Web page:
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Message text written by "Michael Champion"
>That is the strength of XML, (if not necessarily  of the related
specs that have come from the W3C).  XML itself was intended (in the words
of Tim Bray at XTech2000 last week) to "come in fast and under the radar,
and be on target before anyone knew about it".<


Several points here :  - 100% agreed that the focus has wandered, and that
all W3C specs are created in the original model - so we should be very 
circumspect about what it is that they are offering up.

Here's what Tim Bray stated as the design goals of XML:

XML shall be straightforwardly usable over the internet
XML shall support a wide variety of applications
XML shall be compatible with SGML
It shall be easy to write programs that process XML documents
The number of optional features is to be kept to an absolute minimum

and semantic goals

XML documents should be human-legible and reasonably clear
XML design should be prepared quickly
XML documents should be easy to create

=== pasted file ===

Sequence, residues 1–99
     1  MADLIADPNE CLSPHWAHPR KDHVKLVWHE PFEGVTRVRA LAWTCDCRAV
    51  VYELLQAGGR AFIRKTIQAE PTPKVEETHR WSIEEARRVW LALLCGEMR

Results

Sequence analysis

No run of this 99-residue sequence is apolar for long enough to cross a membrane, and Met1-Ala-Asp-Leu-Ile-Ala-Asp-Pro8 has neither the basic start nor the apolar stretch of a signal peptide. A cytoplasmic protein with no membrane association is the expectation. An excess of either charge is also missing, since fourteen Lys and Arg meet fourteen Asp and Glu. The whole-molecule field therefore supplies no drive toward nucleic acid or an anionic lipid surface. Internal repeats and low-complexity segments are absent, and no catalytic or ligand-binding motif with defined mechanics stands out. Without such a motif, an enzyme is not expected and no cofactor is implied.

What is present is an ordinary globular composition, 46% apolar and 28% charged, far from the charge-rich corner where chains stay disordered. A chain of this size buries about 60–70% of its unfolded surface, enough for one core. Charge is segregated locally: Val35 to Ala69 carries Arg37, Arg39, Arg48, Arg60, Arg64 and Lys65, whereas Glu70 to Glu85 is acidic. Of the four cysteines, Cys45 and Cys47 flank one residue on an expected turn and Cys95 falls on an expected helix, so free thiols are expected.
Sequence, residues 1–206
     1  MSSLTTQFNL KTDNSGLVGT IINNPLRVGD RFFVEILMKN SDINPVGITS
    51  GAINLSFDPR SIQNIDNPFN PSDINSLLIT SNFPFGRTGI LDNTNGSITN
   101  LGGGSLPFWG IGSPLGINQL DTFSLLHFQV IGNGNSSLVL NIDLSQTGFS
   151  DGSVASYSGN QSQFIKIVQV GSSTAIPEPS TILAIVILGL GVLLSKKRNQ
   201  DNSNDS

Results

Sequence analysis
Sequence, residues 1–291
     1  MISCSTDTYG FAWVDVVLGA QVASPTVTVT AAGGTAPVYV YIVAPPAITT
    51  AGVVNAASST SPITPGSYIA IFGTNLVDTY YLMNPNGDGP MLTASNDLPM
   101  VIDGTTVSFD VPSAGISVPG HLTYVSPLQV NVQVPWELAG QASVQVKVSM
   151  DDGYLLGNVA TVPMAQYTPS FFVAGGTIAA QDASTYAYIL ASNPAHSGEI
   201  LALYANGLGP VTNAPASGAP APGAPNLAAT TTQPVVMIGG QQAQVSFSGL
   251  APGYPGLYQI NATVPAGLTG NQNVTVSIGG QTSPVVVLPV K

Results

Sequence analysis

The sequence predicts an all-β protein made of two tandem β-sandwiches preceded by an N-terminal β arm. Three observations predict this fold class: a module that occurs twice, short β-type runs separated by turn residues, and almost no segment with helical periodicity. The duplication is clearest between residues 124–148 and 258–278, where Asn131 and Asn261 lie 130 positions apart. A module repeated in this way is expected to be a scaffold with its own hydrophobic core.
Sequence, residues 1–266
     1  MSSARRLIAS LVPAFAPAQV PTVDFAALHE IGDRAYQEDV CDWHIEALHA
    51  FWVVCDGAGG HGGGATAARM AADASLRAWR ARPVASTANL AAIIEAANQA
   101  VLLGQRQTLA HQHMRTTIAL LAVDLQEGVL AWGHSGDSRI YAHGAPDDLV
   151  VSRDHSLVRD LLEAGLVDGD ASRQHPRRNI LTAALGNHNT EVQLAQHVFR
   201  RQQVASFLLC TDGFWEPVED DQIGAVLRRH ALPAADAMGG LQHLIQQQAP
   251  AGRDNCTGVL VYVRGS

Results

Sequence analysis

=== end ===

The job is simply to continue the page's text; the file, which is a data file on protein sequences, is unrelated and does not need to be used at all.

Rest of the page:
Terseness in XML markup is of minimal importance

I presume Tim was referring to the second semantic item in the analogy
of 'coming in under the radar'.  Actually on closer inspection
this analogy is instructive!   Coming in under the radar
requires an awful lot of technology, or a lot of balls and flying
by the seat of your pants...

In our case I believe the metrics are different.  The bravado is 
out of scope.  What people are asking for is light weight solutions
that are interoperable, and are business sensible focused.   

Part of the inertia of EDI was that it is boring and expensive!
XML/edi and the ebXML approach certainly therefore need to 
ensure that people can use it intuitively to build interesting solutions

I like the analogy you give of the ship, masts, sails and flags.  A simple
sail boat should be just as compatible, made from the same
materials, use the same techniques, and require a lot less crew to man it!

Notice also you can sail the sailboat to lots of places the ship won't go!

This brings me back to the issues I have with the W3C Schema proposal.
It looks very much like a submarine with a steamengine installed.   The
theorists sound like they've got it right - faster, safer, less prone to
but in reality the business use model does not work - too expensive to
maintain - not all ports are equipped with quays it can tie up to, 
the design was rushed together to meet artifical deadlines (XTech2000 Show)
and requires too specialized a crew.

Hopefully a healthy sanity check now ensues where business focused details
that the eDTD work sets out are placed square and center. 

( http://www.bizcodes.org/eDTD/xml-eDTDWP.htm )


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